Additional information added in module 2:
One client had indicated that they were interested in purchasing $42,500 worth of products. However, the client has not actually committed to the purchase.
The bookkeeper may have made a mistake when computing cost of good sold. She included total production costs for 2011 and did not adjust ending inventory for the $42,500 worth of units left at the end of the year. The amount of ending inventory was determined using a physical count.
Additional information for module 3:
The company made a secondary offering of stock and raised an additional $150,000.
The company had already paid $15,000 in dividends before deciding on the offering.
The company now has cash to invest in a piece of raw land on which to build in the future. The investment takes place before year end. The cost of the land is $400,000, the downpayment is $50,000 and a note to the bank covers the rest.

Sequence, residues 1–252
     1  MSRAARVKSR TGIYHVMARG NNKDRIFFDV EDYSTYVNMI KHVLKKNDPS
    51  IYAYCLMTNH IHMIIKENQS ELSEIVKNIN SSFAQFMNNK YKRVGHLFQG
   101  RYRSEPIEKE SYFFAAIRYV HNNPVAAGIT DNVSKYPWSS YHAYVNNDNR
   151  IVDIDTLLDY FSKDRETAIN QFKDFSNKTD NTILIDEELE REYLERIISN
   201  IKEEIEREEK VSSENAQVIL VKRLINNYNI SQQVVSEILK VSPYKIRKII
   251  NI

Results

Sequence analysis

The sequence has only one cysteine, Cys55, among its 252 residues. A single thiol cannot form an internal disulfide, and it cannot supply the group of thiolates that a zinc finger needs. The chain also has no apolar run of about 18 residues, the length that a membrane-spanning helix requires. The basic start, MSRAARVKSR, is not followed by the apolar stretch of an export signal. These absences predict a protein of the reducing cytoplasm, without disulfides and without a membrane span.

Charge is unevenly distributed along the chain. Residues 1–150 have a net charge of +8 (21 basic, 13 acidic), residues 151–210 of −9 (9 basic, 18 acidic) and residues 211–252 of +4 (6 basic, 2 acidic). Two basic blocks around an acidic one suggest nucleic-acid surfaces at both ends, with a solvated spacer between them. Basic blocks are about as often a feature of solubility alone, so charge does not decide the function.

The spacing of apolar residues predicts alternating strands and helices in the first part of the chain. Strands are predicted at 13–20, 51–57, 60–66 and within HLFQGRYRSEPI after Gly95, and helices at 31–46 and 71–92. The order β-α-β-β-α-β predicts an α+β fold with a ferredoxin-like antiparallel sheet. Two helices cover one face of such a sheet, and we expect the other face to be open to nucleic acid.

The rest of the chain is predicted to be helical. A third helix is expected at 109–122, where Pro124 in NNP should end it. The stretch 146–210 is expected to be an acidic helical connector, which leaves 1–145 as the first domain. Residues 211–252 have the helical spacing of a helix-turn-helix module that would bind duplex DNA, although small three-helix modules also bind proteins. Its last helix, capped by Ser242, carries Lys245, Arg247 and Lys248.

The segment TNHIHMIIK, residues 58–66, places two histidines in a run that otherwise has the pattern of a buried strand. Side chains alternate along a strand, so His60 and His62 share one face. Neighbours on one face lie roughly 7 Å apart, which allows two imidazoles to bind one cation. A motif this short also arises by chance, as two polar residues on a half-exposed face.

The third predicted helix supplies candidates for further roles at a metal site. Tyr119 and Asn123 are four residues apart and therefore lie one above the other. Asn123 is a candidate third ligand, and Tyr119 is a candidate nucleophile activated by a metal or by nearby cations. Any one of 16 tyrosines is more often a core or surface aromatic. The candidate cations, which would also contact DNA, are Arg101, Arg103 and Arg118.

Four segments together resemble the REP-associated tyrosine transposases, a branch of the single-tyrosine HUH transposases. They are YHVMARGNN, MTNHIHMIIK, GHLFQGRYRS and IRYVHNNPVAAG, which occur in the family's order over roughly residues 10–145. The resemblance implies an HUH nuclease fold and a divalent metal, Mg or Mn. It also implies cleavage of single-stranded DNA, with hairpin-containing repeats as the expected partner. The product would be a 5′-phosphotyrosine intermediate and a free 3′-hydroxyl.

Trial Balance (accounts in alphabetical order)
Cost of goods sold
Equipment (net of depreciation)
Prepare a balance sheet for the company in good format. Update the balance sheet for the changes to income in module 2 and also consider the effect of paying the dividend. You do not need to include the income statement.
Your tutorial is attached in excel (click in cells to see computations). I have shown ...
Your tutorial is attached in excel (click in cells to see computations). I have shown the original balance sheet and the changes for module 2 and 3. I also included the Income Statement to assist you in learning how this all fits together. Backing out the sale that should not be recorded leaves accounts receivable negative. This is a strange balance.